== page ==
Super long. Terrific wine. Complexity and lip-smackingness combined. Rated : 95" Gary Walsh
You never know what you might unearth in Carl Lindner’s shed behind his Jaguar collection. How about a PX solera dating from 1944? For all of its age and monumental complexity, it’s refreshingly vibrant, balanced and without any hint of cloying sweetness. 96 Points
Drink: 2011 Tyson Stelzer
So we’ve been asked to review more fortifieds, so some fortifieds you shall receive. Rancio, mixed peel, light honey/toffee coated nuts and a cup of black tea to go with it. All manner of sweet and savoury flavours on a viscous and slippery base that’s cut with bright acid, so it feels light on its feet. Super long. Terrific wine. Complexity and lip-smackingness combined. Rated : 95 Points Tasted : Feb12 Alcohol : 19% Price : $30 Closure : Screwcap Drink : Gary Walsh www.winefront.com.au
Zar Brooks can't decide whether it's ximenez (frontlabel) or ximinez (back label). From a solera started in 1944, now an average age of 30 years. It has a strong, dark-roasted nut bouquet, and an extremely luscious brandy snap, cumquat, nut and tea palate. This is seriously old material. Rating: 94pts James Halliday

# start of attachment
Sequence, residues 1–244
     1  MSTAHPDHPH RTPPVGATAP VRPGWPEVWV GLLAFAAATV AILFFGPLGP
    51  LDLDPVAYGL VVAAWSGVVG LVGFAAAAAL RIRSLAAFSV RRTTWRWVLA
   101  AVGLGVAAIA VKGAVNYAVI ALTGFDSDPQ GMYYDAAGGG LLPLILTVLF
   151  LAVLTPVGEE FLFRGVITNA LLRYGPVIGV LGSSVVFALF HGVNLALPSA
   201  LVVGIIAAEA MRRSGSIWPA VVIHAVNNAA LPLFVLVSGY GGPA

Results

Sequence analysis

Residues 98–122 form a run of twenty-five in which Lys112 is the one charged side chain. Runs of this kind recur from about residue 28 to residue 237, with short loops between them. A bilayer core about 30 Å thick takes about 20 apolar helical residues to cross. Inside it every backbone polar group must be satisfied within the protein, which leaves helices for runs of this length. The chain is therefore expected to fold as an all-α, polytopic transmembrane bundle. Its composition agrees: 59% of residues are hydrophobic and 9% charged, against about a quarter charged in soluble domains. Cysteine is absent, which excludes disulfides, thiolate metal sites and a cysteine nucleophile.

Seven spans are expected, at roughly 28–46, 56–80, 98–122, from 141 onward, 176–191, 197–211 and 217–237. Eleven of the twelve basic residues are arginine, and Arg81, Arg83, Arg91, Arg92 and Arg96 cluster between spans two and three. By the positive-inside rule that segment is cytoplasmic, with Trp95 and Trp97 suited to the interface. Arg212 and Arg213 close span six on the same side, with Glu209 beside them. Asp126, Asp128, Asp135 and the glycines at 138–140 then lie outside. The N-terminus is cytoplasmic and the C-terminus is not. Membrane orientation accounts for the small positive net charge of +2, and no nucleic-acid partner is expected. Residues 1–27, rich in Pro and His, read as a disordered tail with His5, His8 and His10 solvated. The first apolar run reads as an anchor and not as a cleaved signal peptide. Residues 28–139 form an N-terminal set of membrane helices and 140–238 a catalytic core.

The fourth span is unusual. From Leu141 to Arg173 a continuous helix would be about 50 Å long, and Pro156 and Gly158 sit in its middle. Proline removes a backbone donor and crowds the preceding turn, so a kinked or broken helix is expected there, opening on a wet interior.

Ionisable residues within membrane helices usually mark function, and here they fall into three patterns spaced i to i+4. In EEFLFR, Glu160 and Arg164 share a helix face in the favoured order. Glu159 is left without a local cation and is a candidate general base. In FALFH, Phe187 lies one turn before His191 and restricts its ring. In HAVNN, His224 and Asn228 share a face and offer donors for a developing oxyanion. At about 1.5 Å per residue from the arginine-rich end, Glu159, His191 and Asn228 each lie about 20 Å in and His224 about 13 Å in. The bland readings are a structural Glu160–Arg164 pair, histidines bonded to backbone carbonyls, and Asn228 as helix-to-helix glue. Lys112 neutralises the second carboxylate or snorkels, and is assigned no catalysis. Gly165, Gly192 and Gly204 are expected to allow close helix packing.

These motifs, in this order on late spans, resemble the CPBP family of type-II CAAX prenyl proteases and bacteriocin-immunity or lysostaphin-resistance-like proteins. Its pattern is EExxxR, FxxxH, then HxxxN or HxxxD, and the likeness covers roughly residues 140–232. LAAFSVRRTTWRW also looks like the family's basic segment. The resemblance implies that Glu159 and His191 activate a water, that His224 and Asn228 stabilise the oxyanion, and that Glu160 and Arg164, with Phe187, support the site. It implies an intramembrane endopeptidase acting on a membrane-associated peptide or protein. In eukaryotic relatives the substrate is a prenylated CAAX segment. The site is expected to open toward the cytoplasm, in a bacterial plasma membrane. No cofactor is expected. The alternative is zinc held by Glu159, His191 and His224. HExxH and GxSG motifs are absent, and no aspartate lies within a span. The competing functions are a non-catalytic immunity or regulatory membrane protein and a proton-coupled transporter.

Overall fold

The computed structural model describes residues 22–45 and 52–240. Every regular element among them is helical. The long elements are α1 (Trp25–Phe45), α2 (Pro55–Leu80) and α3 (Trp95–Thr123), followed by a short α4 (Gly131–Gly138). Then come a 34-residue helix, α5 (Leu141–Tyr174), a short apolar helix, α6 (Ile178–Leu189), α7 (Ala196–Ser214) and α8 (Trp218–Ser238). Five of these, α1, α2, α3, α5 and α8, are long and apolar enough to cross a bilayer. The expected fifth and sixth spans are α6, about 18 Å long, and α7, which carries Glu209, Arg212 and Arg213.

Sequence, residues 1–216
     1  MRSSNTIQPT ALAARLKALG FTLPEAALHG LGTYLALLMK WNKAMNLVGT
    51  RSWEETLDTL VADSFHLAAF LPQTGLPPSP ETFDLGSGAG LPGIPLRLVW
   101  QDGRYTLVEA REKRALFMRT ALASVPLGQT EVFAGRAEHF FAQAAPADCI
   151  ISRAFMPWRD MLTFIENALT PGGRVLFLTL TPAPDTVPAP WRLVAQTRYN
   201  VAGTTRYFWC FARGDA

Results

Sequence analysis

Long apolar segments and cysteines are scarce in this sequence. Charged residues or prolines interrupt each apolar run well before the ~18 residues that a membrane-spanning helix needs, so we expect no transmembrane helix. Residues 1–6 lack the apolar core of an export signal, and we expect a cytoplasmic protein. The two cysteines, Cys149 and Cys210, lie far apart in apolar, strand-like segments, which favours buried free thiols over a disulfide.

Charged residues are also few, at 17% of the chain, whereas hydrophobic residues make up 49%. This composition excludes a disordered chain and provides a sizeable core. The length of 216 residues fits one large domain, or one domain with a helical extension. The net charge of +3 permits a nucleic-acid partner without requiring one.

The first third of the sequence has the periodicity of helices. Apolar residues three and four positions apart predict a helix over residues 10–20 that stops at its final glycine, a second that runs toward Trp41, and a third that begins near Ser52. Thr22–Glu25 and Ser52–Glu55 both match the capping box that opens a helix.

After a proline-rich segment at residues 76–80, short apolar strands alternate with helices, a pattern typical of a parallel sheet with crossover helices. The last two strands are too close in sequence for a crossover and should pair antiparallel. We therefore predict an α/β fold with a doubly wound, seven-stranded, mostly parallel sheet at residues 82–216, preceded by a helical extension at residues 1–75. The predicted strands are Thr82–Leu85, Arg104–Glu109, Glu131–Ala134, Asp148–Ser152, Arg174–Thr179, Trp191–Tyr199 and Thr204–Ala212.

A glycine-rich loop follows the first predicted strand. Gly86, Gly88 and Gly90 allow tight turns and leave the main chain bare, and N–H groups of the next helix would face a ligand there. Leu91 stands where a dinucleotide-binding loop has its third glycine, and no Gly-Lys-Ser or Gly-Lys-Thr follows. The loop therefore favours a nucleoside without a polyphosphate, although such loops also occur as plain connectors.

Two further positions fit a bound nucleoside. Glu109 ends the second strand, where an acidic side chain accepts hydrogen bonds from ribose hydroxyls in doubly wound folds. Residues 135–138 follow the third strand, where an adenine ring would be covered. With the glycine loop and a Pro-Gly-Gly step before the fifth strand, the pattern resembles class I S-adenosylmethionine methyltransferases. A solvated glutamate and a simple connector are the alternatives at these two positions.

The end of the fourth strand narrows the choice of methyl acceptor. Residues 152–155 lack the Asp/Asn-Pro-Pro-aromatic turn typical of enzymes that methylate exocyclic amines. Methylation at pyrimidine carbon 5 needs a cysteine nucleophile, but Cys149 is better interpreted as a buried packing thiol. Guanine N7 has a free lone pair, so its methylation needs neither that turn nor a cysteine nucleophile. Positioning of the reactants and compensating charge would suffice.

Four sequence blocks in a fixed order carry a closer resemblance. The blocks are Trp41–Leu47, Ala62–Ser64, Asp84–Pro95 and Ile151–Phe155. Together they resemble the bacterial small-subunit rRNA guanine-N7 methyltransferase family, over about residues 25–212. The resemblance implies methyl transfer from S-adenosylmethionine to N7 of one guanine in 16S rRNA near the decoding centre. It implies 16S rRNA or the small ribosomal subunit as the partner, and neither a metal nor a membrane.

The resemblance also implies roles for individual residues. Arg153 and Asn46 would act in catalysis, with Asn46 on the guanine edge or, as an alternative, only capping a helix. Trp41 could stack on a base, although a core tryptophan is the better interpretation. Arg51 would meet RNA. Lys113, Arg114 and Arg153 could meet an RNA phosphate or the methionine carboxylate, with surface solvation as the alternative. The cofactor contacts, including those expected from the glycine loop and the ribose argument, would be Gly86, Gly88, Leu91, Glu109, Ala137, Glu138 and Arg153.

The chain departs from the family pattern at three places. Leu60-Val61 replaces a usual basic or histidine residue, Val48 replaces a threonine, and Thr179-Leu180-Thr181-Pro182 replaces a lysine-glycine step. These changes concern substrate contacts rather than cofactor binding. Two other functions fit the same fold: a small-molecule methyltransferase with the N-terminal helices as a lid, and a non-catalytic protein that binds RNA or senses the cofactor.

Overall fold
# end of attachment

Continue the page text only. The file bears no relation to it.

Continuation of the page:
Where this wine comes from - Barossa Valley
The Barossa Valley is Australia’s best-known wine region and there’s a good reason why. The wines certainly live up to their international reputation, particularly Barossa Shiraz. With long, warm summers, the region produces full-bodied styles with power and panache. The reds are rich and luscious in their youth with dark-berried flavours, fruit intensity and fine-grained tannins, which mature gracefully with time in the cellar. But there’s more to the region than Shiraz. Grenache and Mourvèdre do more than play a supporting role in GSM blends, they’re standing on their own two feet as single varietal wines. And with a new school of winemakers at the helm, the region is in good hands for a long and healthy future.